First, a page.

The stay-at-home order exempts many businesses deemed essential, a list that includes restaurants, food vendors and groceries.
Previously the mall, which was left with 12 active storefronts after the closing of Victoria's Secret earlier this year, had requested that only those purchasing items enter the facility and directed those who walk in the building for exercise consider a nearby park such as George Rogers Clark Park at 930 S. Tecumseh Road.
The stay-at-home order went into effect Monday night but includes exceptions for businesses dubbed essential as well as outdoor activities such as walking, hiking, running, biking and going to public parks.
Harris estimated approximately 100 people walk the mall for exercise throughout the day during normal times and reported most were complying with the original request to stay away if they were not planning to buy something.
“No one contacted me with a complaint,” he said. “Everyone’s been responsible and knows that this is an important time to take precautions.”
RELATED: What businesses are considered essential?
Washington Prime Group Inc., the owner of the Dayton Mall in Miami Twp. and The Mall at Fairfield Common in Beavercreek also announced those facilities are closed as long as necessary to comply with applicable federal, local or state mandates.
The Upper Valley Mall’s 12 storefronts are Hollywood Nails, Sheer Perfection, GNC, Bath & Body Works, Spencers Gifts, Emporium, Shoe Dept. Encore, Sonics School of Dance Gymnastics and Cheerleading, Popz Topz showroom, Foot Locker, Home Plate Sports Academy and Epic Loot Games and Comics.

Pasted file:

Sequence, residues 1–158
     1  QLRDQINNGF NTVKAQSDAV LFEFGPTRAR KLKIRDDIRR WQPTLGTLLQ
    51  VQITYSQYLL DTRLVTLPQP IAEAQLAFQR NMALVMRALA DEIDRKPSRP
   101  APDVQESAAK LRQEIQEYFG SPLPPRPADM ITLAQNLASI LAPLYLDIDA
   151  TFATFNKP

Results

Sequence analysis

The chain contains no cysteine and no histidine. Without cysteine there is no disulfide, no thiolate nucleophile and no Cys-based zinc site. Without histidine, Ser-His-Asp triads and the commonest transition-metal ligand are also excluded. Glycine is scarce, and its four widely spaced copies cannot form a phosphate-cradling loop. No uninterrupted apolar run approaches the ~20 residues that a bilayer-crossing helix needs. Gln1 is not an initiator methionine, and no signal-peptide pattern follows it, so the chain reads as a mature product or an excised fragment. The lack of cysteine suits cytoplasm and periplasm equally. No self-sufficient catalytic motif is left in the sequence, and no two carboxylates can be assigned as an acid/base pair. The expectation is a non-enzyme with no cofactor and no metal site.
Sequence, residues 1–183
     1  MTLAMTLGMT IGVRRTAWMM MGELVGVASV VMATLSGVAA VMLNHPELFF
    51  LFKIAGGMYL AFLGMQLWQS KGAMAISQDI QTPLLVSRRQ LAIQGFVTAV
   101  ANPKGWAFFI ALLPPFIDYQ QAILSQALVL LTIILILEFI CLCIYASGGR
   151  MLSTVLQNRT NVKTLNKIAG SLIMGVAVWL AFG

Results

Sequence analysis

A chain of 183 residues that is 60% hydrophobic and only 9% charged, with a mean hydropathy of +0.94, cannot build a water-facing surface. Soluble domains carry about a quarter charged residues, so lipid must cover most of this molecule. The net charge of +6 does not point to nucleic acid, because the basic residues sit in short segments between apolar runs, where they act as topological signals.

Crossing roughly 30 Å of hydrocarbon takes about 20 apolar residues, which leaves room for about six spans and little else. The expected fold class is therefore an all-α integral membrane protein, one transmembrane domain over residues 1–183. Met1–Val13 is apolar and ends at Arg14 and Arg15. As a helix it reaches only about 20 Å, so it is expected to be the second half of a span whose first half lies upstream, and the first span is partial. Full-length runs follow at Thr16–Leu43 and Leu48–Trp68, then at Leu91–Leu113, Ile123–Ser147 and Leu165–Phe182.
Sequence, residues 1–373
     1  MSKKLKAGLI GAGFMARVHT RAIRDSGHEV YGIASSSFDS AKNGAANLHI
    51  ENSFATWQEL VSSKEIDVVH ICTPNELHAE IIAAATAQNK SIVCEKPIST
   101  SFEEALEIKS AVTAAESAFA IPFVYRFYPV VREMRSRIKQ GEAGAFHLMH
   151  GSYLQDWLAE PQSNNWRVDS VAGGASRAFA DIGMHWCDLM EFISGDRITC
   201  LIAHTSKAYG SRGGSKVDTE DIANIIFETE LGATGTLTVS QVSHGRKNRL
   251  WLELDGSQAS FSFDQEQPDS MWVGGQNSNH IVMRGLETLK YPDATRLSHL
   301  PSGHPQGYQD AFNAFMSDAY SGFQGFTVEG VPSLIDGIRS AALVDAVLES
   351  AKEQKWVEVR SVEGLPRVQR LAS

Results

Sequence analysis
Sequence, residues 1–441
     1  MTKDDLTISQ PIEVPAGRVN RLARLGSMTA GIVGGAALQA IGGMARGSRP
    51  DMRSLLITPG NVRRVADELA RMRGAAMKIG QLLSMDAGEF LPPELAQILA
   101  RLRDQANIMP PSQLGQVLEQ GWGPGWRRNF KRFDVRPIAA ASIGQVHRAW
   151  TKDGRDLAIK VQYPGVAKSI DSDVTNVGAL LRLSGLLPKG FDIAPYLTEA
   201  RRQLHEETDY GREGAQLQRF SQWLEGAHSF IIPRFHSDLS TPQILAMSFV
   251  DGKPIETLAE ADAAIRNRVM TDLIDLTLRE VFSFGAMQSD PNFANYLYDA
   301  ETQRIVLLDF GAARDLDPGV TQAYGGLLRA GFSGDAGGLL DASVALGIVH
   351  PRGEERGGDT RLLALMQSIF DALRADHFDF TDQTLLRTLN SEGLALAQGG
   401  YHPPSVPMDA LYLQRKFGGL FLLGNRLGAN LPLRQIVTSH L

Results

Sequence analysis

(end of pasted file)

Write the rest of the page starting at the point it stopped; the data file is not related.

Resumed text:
Epic Loot, which hosts gaming events along with selling tabletop board games, trading card games, video games and comics, also has a location in Centerville and announced on its website both would be closing until at least April 6 to comply with the state order.
Home Plate Sports, which offers athletic training services and hosts birthday parties, had already closed as of Friday according to its Facebook page.
Opened in 1971, the mall was a hub of retail in Clark County for decades but has watched as longtime anchors like J.C. Penney and Macy’s, along with numerous smaller chains, have closed.
Sears was the most recent to leave the mall, announcing in December 2018 that it would close. The department store officially left the Clark County for good in March 2019.
The Clark County Land Reutilization Corp., otherwise known as the Clark County Land Bank, purchased 40 acres of property for about $3 million in 2017, with plans to spark development on the German Twp. site, but not much work has gone on since then.